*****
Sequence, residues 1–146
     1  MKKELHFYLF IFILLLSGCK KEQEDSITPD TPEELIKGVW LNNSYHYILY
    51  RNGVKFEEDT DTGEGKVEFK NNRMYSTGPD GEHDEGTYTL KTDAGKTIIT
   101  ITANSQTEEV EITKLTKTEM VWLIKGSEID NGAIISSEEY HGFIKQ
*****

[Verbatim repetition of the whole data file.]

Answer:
Sequence, residues 1–146
     1  MKKELHFYLF IFILLLSGCK KEQEDSITPD TPEELIKGVW LNNSYHYILY
    51  RNGVKFEEDT DTGEGKVEFK NNRMYSTGPD GEHDEGTYTL KTDAGKTIIT
   101  ITANSQTEEV EITKLTKTEM VWLIKGSEID NGAIISSEEY HGFIKQ